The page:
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Stephan Johansson




Location: Borås Sweden
Joined: 28 Dec 2007

Posts: 46

PostPosted: Sat 07 Feb, 2009 11:21 am    Post subject: Castellan - first impressions         Reply with quote

Hello!
I know this is not a new sword model and that it have been reviewed, but I must share my impressions of it.

I have today a Baron, Senlac, Yeoman and Munich.
When I first saw the picture at Albions homepage of the Castellan, Mercenary and Constable I really didn't appreciate this swords. The Castellan looked a bit strange and it was both smaller and still more expensive than for instance the Talhoffer.
Why buy a sword like that?
The pommel which was the reason for the little higher price didnt look that very fantastic. A sword to take a fast look at and decide to live without ;-)

I wanted the big ones! After buying both Munich and Baron I did start to understand the point of a handier one and a half sword. With swords size is a rather important factor to performance and flexibility.

I also read my Records of the Medieval sword over and over again, Read some notes form Peter Johnsson and started to get interested in the Castillion find.
When my ordered Burgundian didn't want to show up I decided to change that order to a Castellan with lightbrown grip that Soeren had in stock. I thought light brown would be a interesting color for a sword type often shown with black or oxblood grip.

My preference for swords as most things in life has been the utilitarian, clean, simple look.
My first sword was the Senlac with its extremely clean (though not simple) hilt. It feels in one sense as a perfect sword.

The Castellan is a different piece. It has a very elaborate, and rather complex hilt which I really shouldn't like, but...
I just love it. Big Grin
Really strange!
All this flared lines and surfaces are just superb!!!!! Totally awesome and leaving my other swords behind (I think).
I am actually suprized. I can also say that this sword just is not possible to understand from pictures alone, you just cant "see" all these shape in a photograf. The pommel is nice in pictures but gorgoeus in life, hard to explain. The cross too has a three-dimensional quality that pictures just cant reveal. Even the grip has a fantastic and very dynamic shape! I'm very impressed with Peter's design!!!!

Albions manufacturing:
Looking at the production quality of the sword it have a blade that is as good as perfect (cant understand how the make these) and a cross/pommel with some small flaws not destroying the impression. The grip is also very nice done, with much life in the leather.

The handling of this sword is more of a single hander than that of a hand and a half. I would almost prefer to use it as a single hand sword. Light and very fast.

I can really recommend this one, and it really has to been seen in reality!
I would prefer this over my Munich (I think).

Best Regards
Stephan Johansson

IN NOMINE DOMINI


Last edited by Stephan Johansson on Sat 07 Feb, 2009 12:04 pm; edited 2 times in total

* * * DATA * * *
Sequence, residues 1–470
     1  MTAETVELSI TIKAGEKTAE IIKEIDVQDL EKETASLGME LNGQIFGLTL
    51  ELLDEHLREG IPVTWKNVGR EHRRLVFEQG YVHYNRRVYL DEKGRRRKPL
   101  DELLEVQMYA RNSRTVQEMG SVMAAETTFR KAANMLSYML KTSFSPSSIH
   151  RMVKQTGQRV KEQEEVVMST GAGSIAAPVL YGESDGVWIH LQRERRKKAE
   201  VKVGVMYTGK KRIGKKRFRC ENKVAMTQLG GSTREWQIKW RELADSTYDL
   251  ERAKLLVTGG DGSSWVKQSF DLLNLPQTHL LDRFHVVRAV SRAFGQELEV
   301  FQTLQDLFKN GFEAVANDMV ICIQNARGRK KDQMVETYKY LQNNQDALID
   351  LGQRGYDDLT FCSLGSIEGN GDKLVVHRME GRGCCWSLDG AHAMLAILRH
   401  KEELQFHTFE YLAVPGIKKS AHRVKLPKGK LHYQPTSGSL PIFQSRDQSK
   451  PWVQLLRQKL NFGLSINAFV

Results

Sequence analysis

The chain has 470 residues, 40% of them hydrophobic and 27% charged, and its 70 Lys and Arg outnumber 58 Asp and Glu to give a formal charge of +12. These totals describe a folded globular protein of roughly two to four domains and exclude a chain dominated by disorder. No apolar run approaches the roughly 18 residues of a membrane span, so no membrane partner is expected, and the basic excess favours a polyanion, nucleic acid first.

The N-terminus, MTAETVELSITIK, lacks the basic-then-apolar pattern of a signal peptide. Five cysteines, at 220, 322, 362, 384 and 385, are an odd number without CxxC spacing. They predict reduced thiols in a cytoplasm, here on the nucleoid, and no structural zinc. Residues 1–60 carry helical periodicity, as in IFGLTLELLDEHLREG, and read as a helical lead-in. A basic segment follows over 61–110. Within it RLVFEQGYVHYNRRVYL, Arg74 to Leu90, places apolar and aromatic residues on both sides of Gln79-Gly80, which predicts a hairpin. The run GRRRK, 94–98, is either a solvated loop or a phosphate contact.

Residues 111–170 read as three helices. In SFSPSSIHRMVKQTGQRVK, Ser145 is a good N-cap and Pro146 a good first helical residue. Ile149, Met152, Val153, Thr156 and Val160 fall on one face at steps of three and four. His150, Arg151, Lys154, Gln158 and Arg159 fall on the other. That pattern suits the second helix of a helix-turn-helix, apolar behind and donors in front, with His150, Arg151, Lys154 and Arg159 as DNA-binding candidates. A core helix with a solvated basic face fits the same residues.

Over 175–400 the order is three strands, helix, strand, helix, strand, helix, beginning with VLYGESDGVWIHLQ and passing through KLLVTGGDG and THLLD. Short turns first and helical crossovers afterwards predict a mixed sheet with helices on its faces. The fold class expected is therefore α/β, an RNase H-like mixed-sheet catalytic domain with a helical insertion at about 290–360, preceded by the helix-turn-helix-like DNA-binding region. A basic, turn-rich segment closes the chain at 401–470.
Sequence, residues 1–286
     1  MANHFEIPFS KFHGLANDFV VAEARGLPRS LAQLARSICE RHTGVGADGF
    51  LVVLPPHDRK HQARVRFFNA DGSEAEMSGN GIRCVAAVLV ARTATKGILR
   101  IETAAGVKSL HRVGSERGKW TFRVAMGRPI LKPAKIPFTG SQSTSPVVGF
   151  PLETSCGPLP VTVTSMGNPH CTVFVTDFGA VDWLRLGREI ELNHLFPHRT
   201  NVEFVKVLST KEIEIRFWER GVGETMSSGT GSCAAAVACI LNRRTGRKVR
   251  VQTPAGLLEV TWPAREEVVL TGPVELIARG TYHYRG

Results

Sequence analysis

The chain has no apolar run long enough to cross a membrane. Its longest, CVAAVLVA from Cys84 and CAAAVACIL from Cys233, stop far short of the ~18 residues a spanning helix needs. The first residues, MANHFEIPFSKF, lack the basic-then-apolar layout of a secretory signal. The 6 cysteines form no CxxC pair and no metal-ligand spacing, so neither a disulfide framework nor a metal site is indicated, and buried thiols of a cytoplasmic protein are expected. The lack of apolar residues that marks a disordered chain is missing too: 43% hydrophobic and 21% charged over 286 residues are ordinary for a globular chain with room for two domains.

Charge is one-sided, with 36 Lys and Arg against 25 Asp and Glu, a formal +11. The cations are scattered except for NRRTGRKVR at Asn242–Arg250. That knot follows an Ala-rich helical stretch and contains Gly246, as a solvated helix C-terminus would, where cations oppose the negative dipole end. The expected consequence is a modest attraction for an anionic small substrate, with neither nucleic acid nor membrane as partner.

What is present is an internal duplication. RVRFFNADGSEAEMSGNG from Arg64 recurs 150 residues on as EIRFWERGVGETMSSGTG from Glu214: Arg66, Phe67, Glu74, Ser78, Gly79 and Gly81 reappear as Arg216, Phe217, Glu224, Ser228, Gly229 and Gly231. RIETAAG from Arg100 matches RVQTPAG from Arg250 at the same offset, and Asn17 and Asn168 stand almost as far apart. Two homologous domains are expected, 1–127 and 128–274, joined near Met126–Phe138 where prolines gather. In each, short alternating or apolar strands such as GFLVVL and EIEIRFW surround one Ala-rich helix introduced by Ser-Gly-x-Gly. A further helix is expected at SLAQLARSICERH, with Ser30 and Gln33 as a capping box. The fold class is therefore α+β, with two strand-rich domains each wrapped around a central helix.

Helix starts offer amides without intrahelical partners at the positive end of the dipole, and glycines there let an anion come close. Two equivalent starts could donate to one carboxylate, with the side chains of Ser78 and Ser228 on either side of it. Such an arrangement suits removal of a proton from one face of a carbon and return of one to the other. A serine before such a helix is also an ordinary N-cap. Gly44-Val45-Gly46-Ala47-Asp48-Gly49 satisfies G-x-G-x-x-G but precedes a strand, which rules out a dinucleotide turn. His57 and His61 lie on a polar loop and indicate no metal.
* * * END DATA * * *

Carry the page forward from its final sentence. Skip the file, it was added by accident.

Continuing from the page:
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Justin King
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Location: flagstaff,arizona
Joined: 12 Apr 2004
Reading list: 20 books

Posts: 551

PostPosted: Sat 07 Feb, 2009 11:52 am    Post subject:         Reply with quote

I have to agree that the Castellan is indeed one of the most fascinating swords I have owned. The type did not appeal to me for a long time, it's proportions are odd at first glance and perhaps take some digesting to really appreciate, but it is now one of my favorites and one of the most versatile swords I have handled. Very little of this can be grasped from seeing it in pictures, however.
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Nathan Robinson
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PostPosted: Sat 07 Feb, 2009 12:00 pm    Post subject:         Reply with quote

I agree. I love this sword. I had the opportunity to play with Bill Grandy's Castellan for awhile and was not expecting to like it very much. Once it arrived, I was immediately surprised by it. After playing with it for a week or so, I realized just how excellent it is. Photos don't do it justice and give no indication of its quick handling dynamics and ability to deliver robust strikes. Nice combination.
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Craig Peters




PostPosted: Mon 09 Feb, 2009 10:01 pm    Post subject:         Reply with quote

From the various Albions that I've handled, the type XVas seem to be among the most lively and nimble blade types out there. Besides owning a SQL 15th C Bastard, I had the opportunity to try out the Fiore, and it was simply amazing.
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Justin King
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Location: flagstaff,arizona
Joined: 12 Apr 2004
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PostPosted: Tue 10 Feb, 2009 8:42 am    Post subject:         Reply with quote